The project (Biologisch abbaubare Beutel in der Bioabfallverwertung – Biodegradable plastic bags in bio-waste treatment), led jointly by the German Fraunhofer Institute and the University of Bayreuth, examined the fate of bio-waste collection bags made of biodegradable plastic (BDP) starting from bio-waste collection, treatment, to their degradation behaviour in soil. Particular emphasis was placed on particles measuring less than 1 mm, which, as per the current German Biowaste Ordinance, are not obligatory to trace.
The following research questions are an extract of those that were addressed during the project:
- Will BDP bags substantially displace conventional plastic bags when provided to the public for free?
The gratuitous distribution of BDP bags did not significantly improve the quality of bio-waste by reducing impurities, considering the provided ones were on the positive catalogue.
- Are certified BDP bags fully aerobically degraded into CO2, water, minerals and biomass in industrial composting facilities?
BDP bags do not fully degrade, neither in composting nor in combination with anaerobic digestion under industrial conditions (2 weeks intensive rotting, 4 weeks maturation). Particles < 1 mm mainly comprised polybutylene adipate terephthalate (PBAT) which is among the main ingredients of BDP bags.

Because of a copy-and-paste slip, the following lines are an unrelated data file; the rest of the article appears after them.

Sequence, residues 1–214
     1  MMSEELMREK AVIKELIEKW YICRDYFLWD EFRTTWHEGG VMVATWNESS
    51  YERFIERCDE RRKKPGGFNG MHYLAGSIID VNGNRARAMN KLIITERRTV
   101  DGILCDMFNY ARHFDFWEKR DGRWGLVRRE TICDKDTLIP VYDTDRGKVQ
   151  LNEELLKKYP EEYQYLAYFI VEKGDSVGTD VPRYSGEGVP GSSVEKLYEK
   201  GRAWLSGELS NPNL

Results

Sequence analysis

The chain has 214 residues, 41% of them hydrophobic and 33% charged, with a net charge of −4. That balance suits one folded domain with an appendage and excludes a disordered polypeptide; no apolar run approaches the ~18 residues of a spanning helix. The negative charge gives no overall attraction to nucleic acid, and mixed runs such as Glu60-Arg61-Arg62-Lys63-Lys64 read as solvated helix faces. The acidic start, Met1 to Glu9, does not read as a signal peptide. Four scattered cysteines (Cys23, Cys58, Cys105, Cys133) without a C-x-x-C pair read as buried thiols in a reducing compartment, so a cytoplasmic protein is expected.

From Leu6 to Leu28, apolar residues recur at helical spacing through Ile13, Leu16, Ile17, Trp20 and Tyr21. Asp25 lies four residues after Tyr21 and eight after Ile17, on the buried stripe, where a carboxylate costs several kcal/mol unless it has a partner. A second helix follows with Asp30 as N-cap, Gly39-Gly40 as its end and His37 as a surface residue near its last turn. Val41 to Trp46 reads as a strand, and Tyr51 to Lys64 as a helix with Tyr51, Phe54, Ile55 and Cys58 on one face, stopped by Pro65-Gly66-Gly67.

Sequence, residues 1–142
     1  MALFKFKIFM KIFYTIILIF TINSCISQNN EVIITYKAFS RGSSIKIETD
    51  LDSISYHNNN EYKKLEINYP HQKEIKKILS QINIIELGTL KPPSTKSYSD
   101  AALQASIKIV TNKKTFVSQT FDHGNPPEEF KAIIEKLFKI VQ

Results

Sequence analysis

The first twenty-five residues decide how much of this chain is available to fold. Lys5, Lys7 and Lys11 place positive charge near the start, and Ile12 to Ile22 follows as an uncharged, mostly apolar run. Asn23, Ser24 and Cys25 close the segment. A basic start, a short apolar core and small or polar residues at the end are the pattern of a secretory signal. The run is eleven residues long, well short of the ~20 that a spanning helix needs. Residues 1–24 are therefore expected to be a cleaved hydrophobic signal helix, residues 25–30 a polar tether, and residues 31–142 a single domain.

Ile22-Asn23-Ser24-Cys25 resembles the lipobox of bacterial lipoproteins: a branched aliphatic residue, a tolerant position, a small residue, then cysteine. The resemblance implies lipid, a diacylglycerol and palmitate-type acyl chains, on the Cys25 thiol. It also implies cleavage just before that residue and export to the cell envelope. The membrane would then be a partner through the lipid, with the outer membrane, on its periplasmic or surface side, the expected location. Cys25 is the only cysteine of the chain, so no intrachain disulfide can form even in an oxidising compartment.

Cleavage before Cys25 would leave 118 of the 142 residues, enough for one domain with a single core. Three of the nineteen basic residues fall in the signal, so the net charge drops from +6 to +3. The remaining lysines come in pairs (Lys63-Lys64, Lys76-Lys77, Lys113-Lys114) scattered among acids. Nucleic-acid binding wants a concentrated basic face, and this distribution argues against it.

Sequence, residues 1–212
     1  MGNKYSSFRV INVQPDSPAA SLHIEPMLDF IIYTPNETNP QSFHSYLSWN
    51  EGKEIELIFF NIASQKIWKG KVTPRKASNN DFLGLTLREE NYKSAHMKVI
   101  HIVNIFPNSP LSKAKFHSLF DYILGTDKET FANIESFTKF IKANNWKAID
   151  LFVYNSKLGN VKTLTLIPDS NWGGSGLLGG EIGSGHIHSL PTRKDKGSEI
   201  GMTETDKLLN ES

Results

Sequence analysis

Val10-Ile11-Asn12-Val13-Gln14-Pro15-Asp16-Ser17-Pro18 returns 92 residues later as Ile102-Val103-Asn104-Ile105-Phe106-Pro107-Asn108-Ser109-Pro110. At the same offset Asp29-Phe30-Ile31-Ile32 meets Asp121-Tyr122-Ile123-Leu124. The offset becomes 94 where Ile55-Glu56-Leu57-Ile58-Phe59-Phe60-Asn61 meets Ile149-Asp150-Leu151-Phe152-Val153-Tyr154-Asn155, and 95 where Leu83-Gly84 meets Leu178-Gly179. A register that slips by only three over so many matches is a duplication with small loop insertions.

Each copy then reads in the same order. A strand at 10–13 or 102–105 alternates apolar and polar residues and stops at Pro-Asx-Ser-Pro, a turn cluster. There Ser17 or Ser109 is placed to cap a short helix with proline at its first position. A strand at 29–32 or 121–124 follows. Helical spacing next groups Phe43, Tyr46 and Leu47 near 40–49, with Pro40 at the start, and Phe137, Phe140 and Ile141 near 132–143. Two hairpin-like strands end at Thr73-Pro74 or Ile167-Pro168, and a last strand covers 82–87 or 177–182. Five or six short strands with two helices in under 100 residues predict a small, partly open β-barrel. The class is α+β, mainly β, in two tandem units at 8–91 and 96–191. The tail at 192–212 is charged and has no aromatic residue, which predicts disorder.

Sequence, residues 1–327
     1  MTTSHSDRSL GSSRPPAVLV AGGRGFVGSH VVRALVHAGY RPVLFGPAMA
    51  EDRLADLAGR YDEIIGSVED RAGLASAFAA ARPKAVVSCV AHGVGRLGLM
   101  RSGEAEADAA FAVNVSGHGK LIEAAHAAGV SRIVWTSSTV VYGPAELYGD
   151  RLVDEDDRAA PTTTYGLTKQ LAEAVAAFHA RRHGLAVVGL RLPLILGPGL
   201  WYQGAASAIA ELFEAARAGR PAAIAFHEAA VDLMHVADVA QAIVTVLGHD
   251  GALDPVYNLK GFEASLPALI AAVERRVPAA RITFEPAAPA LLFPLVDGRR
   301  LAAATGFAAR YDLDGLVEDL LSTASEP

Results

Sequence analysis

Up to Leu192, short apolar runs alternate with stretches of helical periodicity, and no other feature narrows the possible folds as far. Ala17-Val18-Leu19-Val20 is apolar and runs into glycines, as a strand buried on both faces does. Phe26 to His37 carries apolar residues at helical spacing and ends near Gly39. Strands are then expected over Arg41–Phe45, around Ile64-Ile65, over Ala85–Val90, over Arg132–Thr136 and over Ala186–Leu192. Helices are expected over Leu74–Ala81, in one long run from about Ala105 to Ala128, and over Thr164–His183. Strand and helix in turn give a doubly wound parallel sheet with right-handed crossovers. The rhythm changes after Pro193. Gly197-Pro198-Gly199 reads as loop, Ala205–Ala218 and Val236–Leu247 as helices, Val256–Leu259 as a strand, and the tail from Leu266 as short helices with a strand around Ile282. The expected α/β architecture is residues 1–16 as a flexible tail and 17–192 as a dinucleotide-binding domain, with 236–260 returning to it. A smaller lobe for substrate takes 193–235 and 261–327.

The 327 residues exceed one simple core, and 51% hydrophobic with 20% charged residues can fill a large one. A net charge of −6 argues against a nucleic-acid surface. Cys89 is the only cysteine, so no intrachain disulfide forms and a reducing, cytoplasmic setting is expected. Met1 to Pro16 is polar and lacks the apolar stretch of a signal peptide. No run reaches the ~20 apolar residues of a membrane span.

- Do BDP bags cause more or less microplastics in compost compared to conventional plastic bags?
BDP bags cause a larger fraction of microplastics particles (< 1 mm, mainly PBAT) compared to conventional plastics. The design of BDP bags as well as the treatment plant technology influence the fragmentation process. BDP bags made of Mater-Bi® cause a higher degree of fragmentation compared to those made of Ecovio®.
- How is the further degradation behaviour of BDP in soil with and without aerobic (and anaerobic) pre-treatment?
The mineralisation in soil depends on the material composition of BDP. The main ones investigated were Ecovio® and Mater-bi®, two standard blends of BDP used for the production of BDP bags. Ecovio® showed an improved degradation with the material being pre-treated (25%) compared to untreated (5%) after 5 months under ideal conditions. The treatment conditions did not significantly influence the mineralisation of Mater-bi® (14% in both cases). Reference materials wax-coated paper (43%) and the polymer polyhydroxybutyrate (PHB, 46%) showed significantly higher degradation in both cases.
The authors state, that further investigations are necessary, particularly with regards to conducting long-term evaluations of BDP behaviour in soil. Additionally, a revision of the current standards (DIN; EN) governing the certification of BDP bag degradability is advocated.
The project report can be found here.